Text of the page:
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Former Bloomsday board members slam ‘reckless’ vote that spurred race director’s resignation as uncertainty over event leadership grows

Oct. 15, 2022 Updated Sat., Oct. 15, 2022 at 10:04 p.m.

A Bloomsday runner runs down Broadway Street during the 2022 Bloomsday race on Sunday May 1, 2022, in Spokane.  (James Snook For The Spokesman-Review)
A Bloomsday runner runs down Broadway Street during the 2022 Bloomsday race on Sunday May 1, 2022, in Spokane. (James Snook For The Spokesman-Review)

Former Bloomsday board members hope the iconic 12-kilometer race can weather the controversial resignation of “tailor-made” director Jon Neill and several board members amid complaints that board leadership has become “authoritarian” and “mean-spirited.”

Neill stepped down last week, claiming he “endured ongoing criticism, insult, and demeaning comments” from some members of the Bloomsday board of directors.

“Those members have created a toxic, negative, pessimistic, and distracting workplace that remains both corrosive and demoralizing,” Neill penned in a letter Tuesday to Bloomsday founder and previous longtime race director Don Kardong and the Bloomsday board. He has not commented publicly on his resignation beyond the statement.

Board members Tom Fuchs and Steven Jones resigned last month because they disagreed with the board’s decision to remove Neill from the director role and assign him a different title. And board members Carol Hunter, Gary Markham, Andy Hastings and Scott Ward also have resigned since last year.

Jones said board members Dori Whitford, Mark Starr, Al Odenthal, Sarah Ranson, Andy Lefriec, Michael Kiter and Tracie Meidl remain on the board. Whitford, a retired Mead High School teacher and track coach, is now the board president.

Whitford, Starr, Odenthal, Lefriec and Meidl did not return calls to comment on the Bloomsday moves during the past two days. Ranson said she did not want to discuss private board member issues.

Whitford said in a statement last week that Neill chose to step away from the organization.

“Bloomsday and its affiliated events have become a big job,” Whitford wrote. “Because of this opportunity we will now also be looking at ways to possibly restructure some of our jobs. More details will follow.”

Kardong has not offered his assessment of the controversy over Neill’s departure.

Jones said Neill passed with “flying colors” as the organization provided virtual races in 2020 and 2021, and the first live race in three years in 2022.

“I thought he had done a very good job helping us navigate through those COVID waters where we didn’t have an in-person race for a couple years,” Jones said.

Gary Markham, who resigned from the board last year after about 18 years, said Neill did a great job as director.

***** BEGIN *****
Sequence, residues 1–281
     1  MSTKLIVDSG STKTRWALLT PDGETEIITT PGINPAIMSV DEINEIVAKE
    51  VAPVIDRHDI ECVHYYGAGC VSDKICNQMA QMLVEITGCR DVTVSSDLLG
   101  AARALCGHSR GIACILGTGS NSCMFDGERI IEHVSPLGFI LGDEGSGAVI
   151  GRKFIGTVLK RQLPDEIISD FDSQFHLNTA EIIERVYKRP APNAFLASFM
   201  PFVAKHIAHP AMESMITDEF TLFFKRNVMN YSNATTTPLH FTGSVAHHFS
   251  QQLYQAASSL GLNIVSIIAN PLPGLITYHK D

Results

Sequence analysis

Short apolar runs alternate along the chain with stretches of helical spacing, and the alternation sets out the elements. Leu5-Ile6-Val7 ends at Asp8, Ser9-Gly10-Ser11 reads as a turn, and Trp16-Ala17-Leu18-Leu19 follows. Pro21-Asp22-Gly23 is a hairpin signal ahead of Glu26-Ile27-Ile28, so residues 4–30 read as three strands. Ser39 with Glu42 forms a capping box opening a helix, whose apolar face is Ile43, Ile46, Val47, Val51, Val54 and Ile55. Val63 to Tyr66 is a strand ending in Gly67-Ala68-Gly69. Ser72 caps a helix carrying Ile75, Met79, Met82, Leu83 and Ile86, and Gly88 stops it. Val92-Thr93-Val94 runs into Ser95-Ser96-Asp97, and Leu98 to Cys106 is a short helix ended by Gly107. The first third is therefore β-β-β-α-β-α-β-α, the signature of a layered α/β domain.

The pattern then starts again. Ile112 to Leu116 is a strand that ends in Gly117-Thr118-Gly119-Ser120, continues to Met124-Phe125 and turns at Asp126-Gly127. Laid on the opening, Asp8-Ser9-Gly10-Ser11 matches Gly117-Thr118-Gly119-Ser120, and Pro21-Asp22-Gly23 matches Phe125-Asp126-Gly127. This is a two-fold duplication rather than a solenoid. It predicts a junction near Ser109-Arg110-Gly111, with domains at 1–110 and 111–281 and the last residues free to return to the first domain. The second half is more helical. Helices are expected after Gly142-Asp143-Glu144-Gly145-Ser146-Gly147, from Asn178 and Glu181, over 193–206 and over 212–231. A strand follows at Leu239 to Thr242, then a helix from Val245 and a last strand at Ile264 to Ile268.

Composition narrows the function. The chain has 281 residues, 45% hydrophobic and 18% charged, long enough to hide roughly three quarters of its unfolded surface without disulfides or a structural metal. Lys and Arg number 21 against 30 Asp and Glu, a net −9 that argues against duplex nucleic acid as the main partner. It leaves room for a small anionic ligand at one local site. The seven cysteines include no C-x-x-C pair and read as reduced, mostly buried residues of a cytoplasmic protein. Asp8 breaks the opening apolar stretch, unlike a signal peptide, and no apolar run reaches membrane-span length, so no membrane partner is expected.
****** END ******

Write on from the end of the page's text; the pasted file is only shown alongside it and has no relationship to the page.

“I would challenge any of those five board members that voted no confidence in Jon of what was it that he did that was not fulfilling the responsibilities or duties of the race director,” Markham said. “I don’t think they can come up with anything.”

Markham said the vote to strip Neill of his title was 5-4. He called the board’s decision “reckless.”

While Jones thought Neill did a good job, others on the board quibbled about things Neill did or did not do, Jones said. He said board members did not express anything that justified removing him from his position.

Jones said the “shortcomings” some board members claimed Neill had were “more administrative than anything,” but none impacted the abilities of the board members to carry out their duties.

Markham said Whitford told him it bothered her that Jones, Hunter and Neill were previously law partners and that they always ran Bloomsday like it was theirs. Jones, Hunter and Neill served as board president for a combined 10 years during the period of 2000 to 2016, according to the Bloomsday website.

“I think Dori and Sarah (Ranson) have been pushing to get rid of Jon for three years, and they finally got it,” Markham said.

Hunter said the organization financially prospered under Neill’s leadership.

She said the things the board members pointed out about Neill were “trivial” at best, like not providing the board’s agenda on time.

“They honestly treated him like he was a juvenile,” Hunter said.

Neill started volunteering for Bloomsday in the 1990s when he attended Gonzaga University. He served on the board for several years, including as board president in 2007-08.

Jones said Neill “bled Bloomsday.”

“There’s probably no one in Spokane that loves and treasures Bloomsday more than Jon,” Jones said.

Jones said the board became divided a couple years ago. One group supported Neill and another felt Neill was not doing a good job, and brought up more “petty issues than substantive issues” about him, Jones said.

Hunter served on the board for 25 years before and decided not to pursue another term when her final one ended about a year ago.